OBJECTIVE. The frequency of visualization and size of internal mammary lymph nodes in women undergoing high-risk screening breast MRI is unknown. When these nodes are discovered on staging MRI of newly diagnosed breast cancer patients, management could present a treatment dilemma because normal size criteria do not exist. The aim of this study was to establish the average size and frequency of internal mammary lymph nodes observed in asymptomatic high-risk women undergoing screening breast MRI. MATERIALS AND METHODS. We conducted a retrospective review of 108 women at high risk for breast cancer who underwent screening breast MRI between January 2010 and January 2014. Patients with new or previous diagnosis of breast cancer, prior nonbreast malignancy affecting the thorax or mediastinum, or previous radiation to the thorax were excluded. The presence, diameter, laterality, intercostal space, relationship to the internal mammary vessels, age, morphology, and clinical history of internal mammary lymph nodes were recorded. RESULTS. Internal mammary lymph nodes were visualized in 50 of 108 high-risk patients, with an average size of 4.5 mm (range [± SD], 2-9 ± 1.59 mm). In the 50 women who had internal mammary lymph nodes visible on MRI, an average of 1.4 nodes (range, 1-3 nodes) were present. Internal mammary lymph nodes were more frequently visualized on the left (p < 0.001), at the second and third intercostal spaces (p = 0.007), and medial to the internal mammary vessels (p < 0.001). CONCLUSION. In this small cohort, 1-3 presumed normal internal mammary lymph nodes measuring 2-9 mm (mean diameter 4.5 mm) were detected in about half of asymptomatic high-risk women presenting for screening MRI of the breasts.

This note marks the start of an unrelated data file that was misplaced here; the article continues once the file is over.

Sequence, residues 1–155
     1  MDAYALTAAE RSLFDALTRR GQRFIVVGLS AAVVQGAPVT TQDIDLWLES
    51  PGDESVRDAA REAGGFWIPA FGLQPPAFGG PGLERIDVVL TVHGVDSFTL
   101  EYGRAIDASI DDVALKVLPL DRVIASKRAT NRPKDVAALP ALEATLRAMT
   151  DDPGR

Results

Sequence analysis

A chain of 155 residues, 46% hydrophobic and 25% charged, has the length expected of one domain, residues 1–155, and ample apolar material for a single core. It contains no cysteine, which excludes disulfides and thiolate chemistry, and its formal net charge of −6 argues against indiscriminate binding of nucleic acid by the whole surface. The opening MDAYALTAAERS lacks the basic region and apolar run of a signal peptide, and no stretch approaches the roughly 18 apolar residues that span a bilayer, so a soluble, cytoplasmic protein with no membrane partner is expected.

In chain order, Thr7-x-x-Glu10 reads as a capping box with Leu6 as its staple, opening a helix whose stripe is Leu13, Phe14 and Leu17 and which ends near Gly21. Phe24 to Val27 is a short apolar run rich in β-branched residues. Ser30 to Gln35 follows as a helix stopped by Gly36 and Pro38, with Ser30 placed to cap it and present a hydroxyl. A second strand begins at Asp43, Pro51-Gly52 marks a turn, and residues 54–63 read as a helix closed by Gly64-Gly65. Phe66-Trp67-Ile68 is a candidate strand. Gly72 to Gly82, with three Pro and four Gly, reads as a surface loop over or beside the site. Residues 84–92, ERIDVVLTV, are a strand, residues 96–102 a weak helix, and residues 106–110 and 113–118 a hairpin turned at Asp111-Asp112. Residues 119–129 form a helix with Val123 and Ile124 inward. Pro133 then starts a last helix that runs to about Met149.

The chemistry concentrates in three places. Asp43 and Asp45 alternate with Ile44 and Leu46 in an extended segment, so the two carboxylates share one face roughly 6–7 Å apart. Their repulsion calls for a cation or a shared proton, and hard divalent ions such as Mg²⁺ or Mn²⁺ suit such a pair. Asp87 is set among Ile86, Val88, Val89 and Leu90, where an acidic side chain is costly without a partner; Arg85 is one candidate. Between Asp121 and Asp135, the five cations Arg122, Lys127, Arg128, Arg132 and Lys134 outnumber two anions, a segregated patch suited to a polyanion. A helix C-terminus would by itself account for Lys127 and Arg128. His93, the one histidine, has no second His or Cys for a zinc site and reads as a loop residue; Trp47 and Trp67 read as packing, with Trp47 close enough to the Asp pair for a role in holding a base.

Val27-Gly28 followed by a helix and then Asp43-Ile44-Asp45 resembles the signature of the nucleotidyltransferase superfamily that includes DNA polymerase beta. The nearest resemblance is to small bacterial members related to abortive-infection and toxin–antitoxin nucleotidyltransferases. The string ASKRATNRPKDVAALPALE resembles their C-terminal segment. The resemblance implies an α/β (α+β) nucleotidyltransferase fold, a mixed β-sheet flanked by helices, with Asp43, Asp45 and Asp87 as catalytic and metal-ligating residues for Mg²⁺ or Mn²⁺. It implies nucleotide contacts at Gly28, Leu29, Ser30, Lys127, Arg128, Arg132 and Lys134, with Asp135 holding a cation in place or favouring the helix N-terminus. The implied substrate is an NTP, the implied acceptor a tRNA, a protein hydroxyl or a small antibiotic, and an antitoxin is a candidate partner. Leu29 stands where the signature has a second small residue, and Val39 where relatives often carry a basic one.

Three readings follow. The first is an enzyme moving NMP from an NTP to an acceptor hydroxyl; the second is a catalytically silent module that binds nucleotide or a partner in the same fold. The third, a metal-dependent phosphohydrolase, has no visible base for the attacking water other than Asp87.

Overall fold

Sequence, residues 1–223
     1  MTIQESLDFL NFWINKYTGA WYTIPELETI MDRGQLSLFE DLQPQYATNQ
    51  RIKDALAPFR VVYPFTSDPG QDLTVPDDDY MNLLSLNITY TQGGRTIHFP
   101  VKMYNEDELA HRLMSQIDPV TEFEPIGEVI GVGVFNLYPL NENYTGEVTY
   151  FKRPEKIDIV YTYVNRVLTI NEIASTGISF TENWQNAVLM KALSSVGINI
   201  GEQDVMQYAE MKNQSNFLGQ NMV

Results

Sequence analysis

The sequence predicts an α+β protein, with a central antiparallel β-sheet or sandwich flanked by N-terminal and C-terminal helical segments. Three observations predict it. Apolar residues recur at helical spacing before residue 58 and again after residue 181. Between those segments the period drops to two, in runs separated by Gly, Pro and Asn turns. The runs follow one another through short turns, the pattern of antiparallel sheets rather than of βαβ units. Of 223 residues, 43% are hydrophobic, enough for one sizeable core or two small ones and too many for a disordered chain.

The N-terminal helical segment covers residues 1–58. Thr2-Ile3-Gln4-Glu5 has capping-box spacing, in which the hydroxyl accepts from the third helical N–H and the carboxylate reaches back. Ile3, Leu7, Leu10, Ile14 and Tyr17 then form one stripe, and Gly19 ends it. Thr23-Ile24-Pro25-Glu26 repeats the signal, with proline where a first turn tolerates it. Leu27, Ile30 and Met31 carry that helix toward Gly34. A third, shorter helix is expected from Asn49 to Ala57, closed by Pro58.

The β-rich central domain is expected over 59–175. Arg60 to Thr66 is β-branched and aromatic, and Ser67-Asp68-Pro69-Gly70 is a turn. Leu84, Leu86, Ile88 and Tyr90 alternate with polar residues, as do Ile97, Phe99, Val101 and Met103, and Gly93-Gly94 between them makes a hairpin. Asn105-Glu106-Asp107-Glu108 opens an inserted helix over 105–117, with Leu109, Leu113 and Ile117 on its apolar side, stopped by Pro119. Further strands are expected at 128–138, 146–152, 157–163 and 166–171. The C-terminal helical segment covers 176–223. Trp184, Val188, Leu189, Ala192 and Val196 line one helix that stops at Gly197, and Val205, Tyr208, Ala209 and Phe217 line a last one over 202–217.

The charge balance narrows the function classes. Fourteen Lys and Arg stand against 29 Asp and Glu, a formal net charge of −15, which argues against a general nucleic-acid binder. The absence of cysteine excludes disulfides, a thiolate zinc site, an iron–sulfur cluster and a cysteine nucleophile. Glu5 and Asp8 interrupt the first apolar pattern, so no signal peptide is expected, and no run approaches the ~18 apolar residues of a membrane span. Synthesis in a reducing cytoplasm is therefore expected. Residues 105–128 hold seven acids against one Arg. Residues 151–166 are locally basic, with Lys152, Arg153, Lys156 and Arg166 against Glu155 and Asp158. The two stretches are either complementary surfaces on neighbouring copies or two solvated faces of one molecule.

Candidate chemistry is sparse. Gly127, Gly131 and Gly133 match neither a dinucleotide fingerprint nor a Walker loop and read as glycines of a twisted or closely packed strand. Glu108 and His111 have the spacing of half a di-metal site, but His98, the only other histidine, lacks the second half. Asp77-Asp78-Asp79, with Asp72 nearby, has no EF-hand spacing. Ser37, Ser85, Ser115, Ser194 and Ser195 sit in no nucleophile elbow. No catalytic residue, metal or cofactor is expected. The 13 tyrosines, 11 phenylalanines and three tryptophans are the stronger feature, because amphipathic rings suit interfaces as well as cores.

All Science Journal Classification (ASJC) codes
- Radiology Nuclear Medicine and imaging